IDEAS home Printed from https://ideas.repec.org/a/ags/jrapmc/132274.html
   My bibliography  Save this article

Using Pedestrian Count Models to Estimate Urban Trail Traffic

Author

Listed:
  • Lindsey, Patrick
  • Lindsey, Greg

Abstract

Many cities are developing multiuse urban greenway trails to be used for recreation, exercise, and transportation. Analysts need many kinds of data about these new trails, but especially trail traffic because of its implications for the efficient allocation of resources for trail management. This paper addresses this need by presenting new information about the use of trails. We adapt and test the validity of a previously reported model that predicts hourly pedestrian crosswalk volume from shorter sampling intervals, and we apply the model to greenway trails. Based on 166 hours of data collection on an Indianapolis, Indiana trail system, we develop expansion equations for sampling intervals of five, ten, fifteen, and thirty minutes. We find that both the equations from the previous study and our new equations provide reasonably accurate hourly predictions. Trail managers can use these findings to make decisions about current trail maintenance and promotion.

Suggested Citation

  • Lindsey, Patrick & Lindsey, Greg, 2004. "Using Pedestrian Count Models to Estimate Urban Trail Traffic," Journal of Regional Analysis and Policy, Mid-Continent Regional Science Association, vol. 34(1).
  • Handle: RePEc:ags:jrapmc:132274
    as

    Download full text from publisher

    File URL: http://purl.umn.edu/132274
    Download Restriction: no

    References listed on IDEAS

    as
    1. Poterba, James M., 1996. "Retail Price Reactions to Changes in State and Local Sales Taxes," National Tax Journal, National Tax Association, vol. 49(2), pages 165-176, June.
    2. Walsh, Michael J. & Jones, Jonathan D., 1988. "More Evidence on the "Border Tax" Effect: The Case of West Virginia, 1979-84," National Tax Journal, National Tax Association, vol. 41(2), pages 261-65, June.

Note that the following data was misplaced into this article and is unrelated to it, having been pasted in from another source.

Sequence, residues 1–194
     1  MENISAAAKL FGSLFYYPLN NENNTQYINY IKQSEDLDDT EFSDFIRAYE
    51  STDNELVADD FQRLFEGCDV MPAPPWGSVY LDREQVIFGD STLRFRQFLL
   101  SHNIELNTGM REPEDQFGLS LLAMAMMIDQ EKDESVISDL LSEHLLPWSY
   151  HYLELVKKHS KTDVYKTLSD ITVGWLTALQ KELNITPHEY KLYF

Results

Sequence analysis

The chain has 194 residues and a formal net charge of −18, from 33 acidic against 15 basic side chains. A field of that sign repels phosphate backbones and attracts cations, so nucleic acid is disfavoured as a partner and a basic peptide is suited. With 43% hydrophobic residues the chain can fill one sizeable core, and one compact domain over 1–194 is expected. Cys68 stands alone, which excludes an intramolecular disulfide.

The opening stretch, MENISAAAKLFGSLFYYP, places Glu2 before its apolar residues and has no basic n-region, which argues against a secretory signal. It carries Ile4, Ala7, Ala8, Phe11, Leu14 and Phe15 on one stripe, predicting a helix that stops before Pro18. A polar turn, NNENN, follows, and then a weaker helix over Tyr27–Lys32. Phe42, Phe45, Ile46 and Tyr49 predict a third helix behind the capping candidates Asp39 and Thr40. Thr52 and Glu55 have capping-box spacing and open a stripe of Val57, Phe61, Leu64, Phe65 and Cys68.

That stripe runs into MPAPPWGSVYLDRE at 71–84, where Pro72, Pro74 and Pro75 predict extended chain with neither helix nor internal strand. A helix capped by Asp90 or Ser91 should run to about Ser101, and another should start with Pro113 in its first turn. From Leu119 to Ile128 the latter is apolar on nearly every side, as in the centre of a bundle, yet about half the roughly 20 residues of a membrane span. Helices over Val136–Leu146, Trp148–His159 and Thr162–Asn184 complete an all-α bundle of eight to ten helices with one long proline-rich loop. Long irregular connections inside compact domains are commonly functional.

3. John L. Mikesell & C. Kurt Zorn, 1986. "Impact of the Sales Tax Rate on its Base: Evidence from a Small Town," Public Finance Review, , vol. 14(3), pages 329-338, July.
    4. A.F. Aisha Ghaus, 1995. "Optimal Local Sales Tax," Urban Studies, Urban Studies Journal Limited, vol. 32(8), pages 1369-1381, August.
    5. John D. Wong, 1996. "The Impact Of Local Option Sales Taxes On Retail Sales, Employment, Payrolls, And Establishments: The Case For Kansas," The Review of Regional Studies, Southern Regional Science Association, vol. 26(2), pages 166-176, Fall.
    6. J. L. Love, 1992. "Local Sales Tax Options: A Case Study Of South Georgia," The Review of Regional Studies, Southern Regional Science Association, vol. 22(1), pages 105-114, Summer.
    7. Ronald C. Fisher, 1980. "Local Sales Taxes: Tax Rate Differentials, Sales Loss, and Revenue Estimation," Public Finance Review, , vol. 8(2), pages 171-188, April.
    8. Poterba, James M., 1996. "Retail Price Reactions to Changes in State and Local Sales Taxes," National Tax Journal, National Tax Association, vol. 49(2), pages 165-76, June.
    Full references (including those not matched with items on IDEAS)

    Corrections

    All material on this site has been provided by the respective publishers and authors. You can help correct errors and omissions. When requesting a correction, please mention this item's handle: RePEc:ags:jrapmc:132274. See general information about how to correct material in RePEc.

    For technical questions regarding this item, or to correct its authors, title, abstract, bibliographic or download information, contact: (AgEcon Search). General contact details of provider: http://edirc.repec.org/data/mcrsaea.html .

    If you have authored this item and are not yet registered with RePEc, we encourage you to do it here. This allows to link your profile to this item. It also allows you to accept potential citations to this item that we are uncertain about.

    We have no references for this item. You can help adding them by using this form .

    If you know of missing items citing this one, you can help us creating those links by adding the relevant references in the same way as above, for each refering item. If you are a registered author of this item, you may also want to check the "citations" tab in your RePEc Author Service profile, as there may be some citations waiting for confirmation.

    Please note that corrections may take a couple of weeks to filter through the various RePEc services.

    IDEAS is a RePEc service hosted by the Research Division of the Federal Reserve Bank of St. Louis . RePEc uses bibliographic data supplied by the respective publishers.